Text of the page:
@trip.zine describes it as a visual love letter to the Olympus Trip 35. It’s ultimately a visual magazine which comprises of pictures taken by the Olympus Trip 35 from 20 photographers from across the world.

It’s A5 in size which means it’s easily portable and is printed on lovely quality 150gsm silk paper.

The photos are amazing and it provides so much inspiration as to what photo’s could be taken using this smart little compact camera.

I’m really happy with the purchase and I wasn’t surprised to recently discover that there aren’t many copies left for sale so if you’re interested, I’d buy one before they sell out.

They retail at £8 (plus postage costs) but in view of the quality of the magazine with over 60 pages of 35mm film photography, I personally think the cost is well worth it.

This magazine is something I will certainly keep as it’s truly unique and special.

I really admire @trip.zine for publishing this magazine and I do hope there will be further issues for sale in the near future which I will most definitely purchase.

The magazine is currently for sale online at http://www.etsy.com/uk/listing/609019891/trip-zine-issue-one?utm_medium

Their shop name on Etsy is TripZine.

Olympus Trip 35

I was first made aware of this camera when I was recently in my local second hand camera shop and a young guy popped into the shop and put this model of camera on their counter asking if they had a case for it.

The chrome and black, accompanied with the really cool style lens really caught my eye and it helped having Olympus Trip 35 written on it so I knew I could do some more research about the camera online once I got home.

I found that it’s a 35mm compact film camera (which means it doesn’t have interchangeable lenses) and was produced from 1967 (hence the cool design) until 1984. I also discovered that David Bailey had promoted the camera in some adverts during the 1970s so couldn’t help but take a look at these on youtube.

I am too young to remember this camera originally but I can imagine it was a great travel camera back in it’s day.

I had been after a compact film camera to accompany my Pentax K1000 for times when I needed something a bit more lightweight and compact to take film photos with so I knew this was the camera for me.

After further research I found that two types of shutter button had been produced on this camera. The first was the chrome shutter button which later changed to a black shutter button.

I immediately decided that I wanted an Olympus Trip 35 with a chrome shutter button as I personally preferred how that looked overall on the camera.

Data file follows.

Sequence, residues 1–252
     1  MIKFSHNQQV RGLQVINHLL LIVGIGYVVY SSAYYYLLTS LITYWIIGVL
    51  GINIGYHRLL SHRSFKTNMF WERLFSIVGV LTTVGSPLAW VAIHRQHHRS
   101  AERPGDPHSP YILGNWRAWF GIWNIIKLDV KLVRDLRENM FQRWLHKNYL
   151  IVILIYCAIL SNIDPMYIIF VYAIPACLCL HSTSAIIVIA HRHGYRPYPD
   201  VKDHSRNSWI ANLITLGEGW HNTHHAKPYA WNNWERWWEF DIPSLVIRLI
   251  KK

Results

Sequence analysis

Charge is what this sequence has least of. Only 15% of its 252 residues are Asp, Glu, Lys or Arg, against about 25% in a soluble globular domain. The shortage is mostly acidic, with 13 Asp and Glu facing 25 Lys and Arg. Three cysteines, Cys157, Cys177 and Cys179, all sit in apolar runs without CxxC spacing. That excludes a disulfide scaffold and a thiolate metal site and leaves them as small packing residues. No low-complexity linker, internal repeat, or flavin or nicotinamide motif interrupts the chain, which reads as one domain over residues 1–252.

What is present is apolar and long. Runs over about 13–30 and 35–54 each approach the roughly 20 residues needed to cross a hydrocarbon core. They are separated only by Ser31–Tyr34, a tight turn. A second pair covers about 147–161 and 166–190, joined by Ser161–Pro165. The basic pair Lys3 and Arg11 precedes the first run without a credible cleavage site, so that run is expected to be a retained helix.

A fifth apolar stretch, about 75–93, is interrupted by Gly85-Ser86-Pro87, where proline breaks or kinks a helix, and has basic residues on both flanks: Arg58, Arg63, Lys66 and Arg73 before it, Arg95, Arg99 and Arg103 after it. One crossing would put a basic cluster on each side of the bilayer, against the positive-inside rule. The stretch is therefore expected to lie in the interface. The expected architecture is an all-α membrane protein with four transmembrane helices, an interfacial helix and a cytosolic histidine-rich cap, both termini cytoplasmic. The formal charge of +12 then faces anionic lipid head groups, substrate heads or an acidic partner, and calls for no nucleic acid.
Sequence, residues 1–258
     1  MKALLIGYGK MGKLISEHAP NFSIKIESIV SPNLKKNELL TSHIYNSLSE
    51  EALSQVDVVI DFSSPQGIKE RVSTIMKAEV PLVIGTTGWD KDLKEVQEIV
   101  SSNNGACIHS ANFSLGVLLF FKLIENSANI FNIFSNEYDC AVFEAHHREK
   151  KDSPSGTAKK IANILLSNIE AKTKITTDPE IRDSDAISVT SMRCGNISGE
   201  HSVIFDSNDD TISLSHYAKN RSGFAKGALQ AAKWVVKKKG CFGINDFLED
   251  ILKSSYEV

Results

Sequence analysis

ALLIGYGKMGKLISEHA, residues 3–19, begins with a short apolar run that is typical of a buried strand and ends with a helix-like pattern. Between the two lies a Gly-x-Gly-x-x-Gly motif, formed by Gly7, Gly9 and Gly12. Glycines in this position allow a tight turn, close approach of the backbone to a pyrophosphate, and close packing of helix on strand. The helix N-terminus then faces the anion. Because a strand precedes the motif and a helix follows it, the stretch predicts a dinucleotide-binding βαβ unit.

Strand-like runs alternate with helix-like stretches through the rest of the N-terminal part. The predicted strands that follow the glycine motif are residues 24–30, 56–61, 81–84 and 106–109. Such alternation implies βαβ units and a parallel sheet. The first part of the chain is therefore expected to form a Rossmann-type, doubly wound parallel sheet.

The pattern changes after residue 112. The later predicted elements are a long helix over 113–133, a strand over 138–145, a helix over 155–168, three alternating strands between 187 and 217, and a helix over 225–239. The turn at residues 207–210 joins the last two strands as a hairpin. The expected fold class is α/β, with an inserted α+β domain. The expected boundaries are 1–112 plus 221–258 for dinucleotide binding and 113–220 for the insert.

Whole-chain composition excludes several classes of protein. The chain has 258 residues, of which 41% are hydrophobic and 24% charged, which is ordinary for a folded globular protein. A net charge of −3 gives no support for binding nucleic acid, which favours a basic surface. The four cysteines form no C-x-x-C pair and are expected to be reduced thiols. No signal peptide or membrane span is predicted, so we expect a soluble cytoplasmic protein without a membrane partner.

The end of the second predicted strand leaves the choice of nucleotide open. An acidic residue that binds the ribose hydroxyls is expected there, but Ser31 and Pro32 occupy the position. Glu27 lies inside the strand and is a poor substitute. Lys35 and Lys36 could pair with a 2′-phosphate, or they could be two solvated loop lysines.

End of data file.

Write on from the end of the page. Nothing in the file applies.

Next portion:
These cameras are very common (because so many were produced) so they are very easy to get hold of. They can also be bought quite cheaply from £5, with the price increasing with older models and if they’ve recently been refurbished.

Within an initial enquiry to all my local second hand camera shops, they all had one in stock but unfortunately all with the black plastic shutter button.

In the end I purchased mine on eBay for less than £40. It came with the case, original instruction manual and a miniature flash (which still works!) so I was really happy with my purchase.

The only slight flaw with the camera (hence why I think it wasn’t for sale at a higher price of around £70-£80) was that the light seals needed replacing. I wasn’t put off doing this myself as I found a website http://www.cameramill.co.uk/product/olympus-trip-35-light-seal-kit/ where I could purchase a light seal kit for £4.20

This website also provides two lots of the kit (in case of any mistakes) and instructions about how to remove the original light seals and fit the new ones. I found it really easy to replace the old light seals and my camera works great.

The camera overall is automatic and by that I mean that you turn the lens to single person, group of people or landscape mode to take a picture. It takes some practice to make sure your standing at the correct distance for each of these modes so your picture doesn’t come out blurry. There are also aperture numbers for you to choose from if you add a flash to your camera that you would pick instead.

If you’re not using the flash, the camera requires well lit conditions to work as it is has a solar-powered selenium light meter. The shutter will not fire if it’s too dark and a red flag will show in the viewfinder to confirm this is why the camera won’t work.